Development:Using Git for Camino development
How to use Git locally to supercharge your Camino development workflow.
by Sean Murphy
Even though the Camino source is managed in CVS, you can use Git locally to track the official repository. Doing so offers many advantages to the development process. You can easily work on multiple bugs at once, you can stash your code or make a new branch to perform a review on the side, and you can easily keep your work synchronized on multiple computers.
This article assumes you have already checked out a fresh copy of the Camino source. Follow our build instructions to do this. Note: you don't need to build yet, so after setting things up you can issue the following command to checkout the source only:
make -f client.mk checkout MOZ_CO_PROJECT=macbrowser
Note: Throughout the article /PathToCaminoSource/ is the directory that contains a mozilla/ subfolder with the source tree, and a CaminoObj/ folder for all the build objects.
Installing Git on Mac OS X
The short and sweet steps to install Git on the Mac:
Note: Replace the "18.104.22.168" Git version below with the most current release. Check http://git-scm.com/ to find out what the current revision is.
curl http://kernel.org/pub/software/scm/git/git-22.214.171.124.tar.bz2 | tar xj
sudo make prefix=/usr/local install
curl http://www.kernel.org/pub/software/scm/git/git-manpages-126.96.36.199.tar.bz2 | sudo tar xj -C /usr/local/share/man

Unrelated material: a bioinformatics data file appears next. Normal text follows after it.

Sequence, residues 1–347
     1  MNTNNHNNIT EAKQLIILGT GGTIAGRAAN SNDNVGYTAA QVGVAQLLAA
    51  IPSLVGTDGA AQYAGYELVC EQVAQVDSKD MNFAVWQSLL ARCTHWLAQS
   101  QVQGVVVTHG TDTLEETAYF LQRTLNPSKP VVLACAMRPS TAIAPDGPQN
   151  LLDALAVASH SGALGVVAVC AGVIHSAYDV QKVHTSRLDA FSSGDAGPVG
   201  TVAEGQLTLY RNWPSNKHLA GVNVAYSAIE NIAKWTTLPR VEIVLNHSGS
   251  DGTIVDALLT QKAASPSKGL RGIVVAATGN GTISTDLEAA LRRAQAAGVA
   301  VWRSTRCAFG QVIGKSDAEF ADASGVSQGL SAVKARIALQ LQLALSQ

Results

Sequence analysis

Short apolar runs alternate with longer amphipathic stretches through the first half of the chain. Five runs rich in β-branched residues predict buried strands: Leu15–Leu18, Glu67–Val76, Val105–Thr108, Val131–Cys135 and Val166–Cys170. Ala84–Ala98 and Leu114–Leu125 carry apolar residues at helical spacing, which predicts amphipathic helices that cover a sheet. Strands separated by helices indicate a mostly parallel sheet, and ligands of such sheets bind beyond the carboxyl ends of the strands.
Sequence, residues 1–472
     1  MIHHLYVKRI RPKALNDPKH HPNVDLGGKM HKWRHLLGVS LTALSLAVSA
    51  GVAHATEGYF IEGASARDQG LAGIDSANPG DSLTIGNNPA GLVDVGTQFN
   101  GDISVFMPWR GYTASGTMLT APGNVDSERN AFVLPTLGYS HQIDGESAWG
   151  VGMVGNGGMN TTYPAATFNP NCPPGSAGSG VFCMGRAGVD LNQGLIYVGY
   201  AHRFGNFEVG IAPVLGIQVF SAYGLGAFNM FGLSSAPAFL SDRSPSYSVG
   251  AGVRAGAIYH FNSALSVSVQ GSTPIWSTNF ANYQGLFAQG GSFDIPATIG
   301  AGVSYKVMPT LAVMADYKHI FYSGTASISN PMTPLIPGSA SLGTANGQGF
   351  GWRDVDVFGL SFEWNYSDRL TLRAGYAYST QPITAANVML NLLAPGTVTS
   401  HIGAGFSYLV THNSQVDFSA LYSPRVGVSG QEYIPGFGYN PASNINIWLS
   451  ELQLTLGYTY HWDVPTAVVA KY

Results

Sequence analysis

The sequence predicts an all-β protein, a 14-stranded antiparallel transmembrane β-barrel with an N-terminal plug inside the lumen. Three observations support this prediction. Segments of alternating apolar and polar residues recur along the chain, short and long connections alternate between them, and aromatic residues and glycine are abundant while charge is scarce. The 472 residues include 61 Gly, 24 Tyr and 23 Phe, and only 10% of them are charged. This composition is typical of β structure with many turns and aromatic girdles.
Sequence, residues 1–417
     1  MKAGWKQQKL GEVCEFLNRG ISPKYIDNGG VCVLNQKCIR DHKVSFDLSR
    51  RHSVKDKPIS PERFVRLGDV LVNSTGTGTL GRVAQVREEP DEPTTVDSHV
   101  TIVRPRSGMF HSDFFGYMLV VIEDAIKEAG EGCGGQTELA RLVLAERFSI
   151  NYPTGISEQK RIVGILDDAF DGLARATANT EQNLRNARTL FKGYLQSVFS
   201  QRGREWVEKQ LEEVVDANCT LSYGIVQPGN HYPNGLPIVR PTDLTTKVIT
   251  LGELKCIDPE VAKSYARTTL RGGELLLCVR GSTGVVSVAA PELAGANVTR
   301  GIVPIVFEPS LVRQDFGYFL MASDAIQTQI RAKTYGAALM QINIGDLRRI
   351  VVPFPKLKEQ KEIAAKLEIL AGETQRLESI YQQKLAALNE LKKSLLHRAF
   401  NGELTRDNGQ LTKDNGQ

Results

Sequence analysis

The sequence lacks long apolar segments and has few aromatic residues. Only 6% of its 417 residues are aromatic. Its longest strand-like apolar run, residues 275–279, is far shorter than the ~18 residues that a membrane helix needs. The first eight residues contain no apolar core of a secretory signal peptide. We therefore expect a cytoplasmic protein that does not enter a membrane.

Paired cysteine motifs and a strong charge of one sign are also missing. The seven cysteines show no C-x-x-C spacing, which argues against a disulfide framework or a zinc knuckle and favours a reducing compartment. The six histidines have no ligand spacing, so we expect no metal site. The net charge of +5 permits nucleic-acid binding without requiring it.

(The last line installs the documentation. Building it directly requires a mess of dependencies ;)).
Initial Git configuration
At minimum, you'll need to tell Git about yourself:
git config --global user.name "Your Name"
git config --global user.email "email@example.com"
Additionally, some other settings can make interacting with Git more pleasant.
Display Git output with color:
git config --global color.ui auto
git config --global color.status auto
git config --global color.diff auto
git config --global color.branch auto
git config --global color.interactive auto
Make some shortcuts for common commands, and support your svn habits:
git config --global alias.st status
git config --global alias.ci commit
git config --global alias.co checkout
e.g. git checkout can be shortened to git co
Excluding certain files from being tracked by Git
Just like .cvsignore and Mozilla's .hgignore, we'll create an ignore file for Git to exclude certain files we do not want it to manage.
Exclude files for all repositories
You can create a global ignore file to always exclude files from any Git repository on your machine. In here we'll list certain Mac development related files we'll never want Git to see and ask us if we want to track it.
Save this file as ~/.gitignore
.DS_Store *.orig *.rej *~ # The following ignores all files in the .xcodeproj bundle, # And then adds back in only the project (skipping the user files) *.xcodeproj/ !*.xcodeproj/project.pbxproj *~.nib *.swp *.o .#* a.out
Then, we have to configure Git to use our global excludes file:
git config --global core.excludesfile ~/.gitignore
Exclude Mozilla specific files
Git will also look for a .gitignore file in the root directory of each repository. In here we can exclude additional files that are specific to Camino development, ones that we would not want to ignore across the entire system.
Save this file as /PathToCaminoSource/.gitignore